If you were born as part of the post-World War II baby boom, you remember where you were on November 22, 1963. This year, the events of 50 years ago—maybe more so than ever before—strike me as so surreal that they should be part of a fantasy, or a bad nightmare.
I was headed to a doctor's office when the news came on the radio. My mother started crying in the front seat. And, as we waited for the appointment, I can remember the adults in the room were just in shock. We spent the next two days glued to the television, witnessing a true national tragedy. This was America. How could such a thing happen in our country?
The National Geographic Channel will air a docudrama this weekend, Killing Kennedy, starring Rob Lowe as President Kennedy, and Ginnifer Goodwin as First Lady Jacqueline Kennedy. Mercifully, it steers clear of the seemingly endless stream of conspiracy theories about who killed the president, 50 years of wild stories that have laid the blame at the feet of everyone from the Mafia, pro-Vietnam military officers, Cuba, the Soviet Union and disgruntled segregationists. At some point in the last 50 years, the attempts to explain that day have done more to muddy the waters around the event than provide any lasting proof of anything. For more on the conspiracy tales, check out "The Darkest Day" in the Nov/Dec issue of Cigar Aficionado, written by Peter Kornbluh.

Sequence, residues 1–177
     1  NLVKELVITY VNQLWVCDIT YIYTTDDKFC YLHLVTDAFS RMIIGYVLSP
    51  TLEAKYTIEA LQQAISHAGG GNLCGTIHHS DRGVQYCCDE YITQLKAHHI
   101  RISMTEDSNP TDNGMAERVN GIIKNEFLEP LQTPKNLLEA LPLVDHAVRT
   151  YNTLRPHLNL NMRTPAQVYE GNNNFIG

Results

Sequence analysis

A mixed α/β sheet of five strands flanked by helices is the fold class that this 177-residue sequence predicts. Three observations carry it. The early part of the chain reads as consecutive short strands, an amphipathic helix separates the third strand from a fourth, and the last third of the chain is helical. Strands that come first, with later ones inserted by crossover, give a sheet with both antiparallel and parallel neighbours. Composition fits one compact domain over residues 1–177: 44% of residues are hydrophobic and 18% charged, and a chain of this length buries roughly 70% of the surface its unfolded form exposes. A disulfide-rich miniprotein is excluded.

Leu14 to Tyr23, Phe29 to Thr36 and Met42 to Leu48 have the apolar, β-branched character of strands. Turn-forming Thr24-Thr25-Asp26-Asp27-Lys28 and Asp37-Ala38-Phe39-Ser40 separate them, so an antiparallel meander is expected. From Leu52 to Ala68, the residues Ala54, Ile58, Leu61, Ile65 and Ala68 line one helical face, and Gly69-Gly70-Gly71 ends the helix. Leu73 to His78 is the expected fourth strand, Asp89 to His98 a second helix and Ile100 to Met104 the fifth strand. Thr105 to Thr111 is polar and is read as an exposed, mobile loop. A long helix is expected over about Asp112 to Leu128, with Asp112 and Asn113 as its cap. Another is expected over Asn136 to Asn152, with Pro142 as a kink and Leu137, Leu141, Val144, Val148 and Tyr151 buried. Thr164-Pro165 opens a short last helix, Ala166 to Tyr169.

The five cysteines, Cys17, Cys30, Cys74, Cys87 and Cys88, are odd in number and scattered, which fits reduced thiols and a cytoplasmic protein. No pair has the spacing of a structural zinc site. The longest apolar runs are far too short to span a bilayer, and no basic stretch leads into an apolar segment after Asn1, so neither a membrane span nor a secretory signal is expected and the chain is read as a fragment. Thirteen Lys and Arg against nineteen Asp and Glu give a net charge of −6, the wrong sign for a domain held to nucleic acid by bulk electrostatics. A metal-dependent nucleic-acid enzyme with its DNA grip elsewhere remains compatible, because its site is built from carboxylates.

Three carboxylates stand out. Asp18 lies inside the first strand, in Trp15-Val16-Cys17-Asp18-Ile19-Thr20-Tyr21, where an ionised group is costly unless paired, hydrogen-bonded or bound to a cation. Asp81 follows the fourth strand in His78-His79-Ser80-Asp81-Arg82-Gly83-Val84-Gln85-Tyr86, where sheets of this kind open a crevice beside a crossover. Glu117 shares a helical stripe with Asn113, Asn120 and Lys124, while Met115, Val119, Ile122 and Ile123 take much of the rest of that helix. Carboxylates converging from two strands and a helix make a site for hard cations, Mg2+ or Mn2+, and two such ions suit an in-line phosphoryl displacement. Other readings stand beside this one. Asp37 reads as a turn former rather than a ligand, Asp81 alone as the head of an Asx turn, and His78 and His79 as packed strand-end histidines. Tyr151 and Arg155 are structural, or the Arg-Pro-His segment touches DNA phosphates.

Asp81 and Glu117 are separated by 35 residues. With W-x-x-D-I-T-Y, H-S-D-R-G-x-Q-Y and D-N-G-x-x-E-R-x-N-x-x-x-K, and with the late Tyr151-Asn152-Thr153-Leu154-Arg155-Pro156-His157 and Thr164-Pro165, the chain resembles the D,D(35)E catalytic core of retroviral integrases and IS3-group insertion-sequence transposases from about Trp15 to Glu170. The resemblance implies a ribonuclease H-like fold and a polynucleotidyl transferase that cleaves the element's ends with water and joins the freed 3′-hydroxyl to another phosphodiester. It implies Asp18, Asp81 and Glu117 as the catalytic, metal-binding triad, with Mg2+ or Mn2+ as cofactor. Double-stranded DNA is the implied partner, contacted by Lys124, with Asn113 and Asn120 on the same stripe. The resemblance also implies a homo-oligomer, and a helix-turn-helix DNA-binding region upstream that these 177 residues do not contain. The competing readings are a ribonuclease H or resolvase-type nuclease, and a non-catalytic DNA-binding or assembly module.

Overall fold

Killing Kennedy focuses on the things we do know. The reason for President Kennedy's trip. The shooting. Lee Harvey Oswald's murder of a Dallas policeman. His subsequent assassination by Jack Ruby. We are not spared the now widely accepted rumors about JFK's dalliances with women other than the First Lady, nor does the film avoid the death of their newborn son Patrick or the president's own health problems with his bad back. In the end, probably to the chagrin of some historians, the film burnishes the image of the Kennedy White House as Camelot, an image that has endured through the decades.
The film is based on the book, Killing Kennedy, by Bill O'Reilly and Martin Dugard. It stars Lowe as JFK, Goodwin as Jackie, Michelle Trachtenberg as Marina Oswald and Will Rothhaar as Lee Harvey Oswald. The performances are outstanding, and the retelling of the events is heart-wrenching.
If you were alive that day, and have memories of hearing about the shooting, seeing Jackie leaving the plane in her blood stained dress and watching the funeral march in Washington D.C., you will be moved to tears. Tune in on Sunday night, November 10 at 8 p.m. EST, on the National Geographic Channel.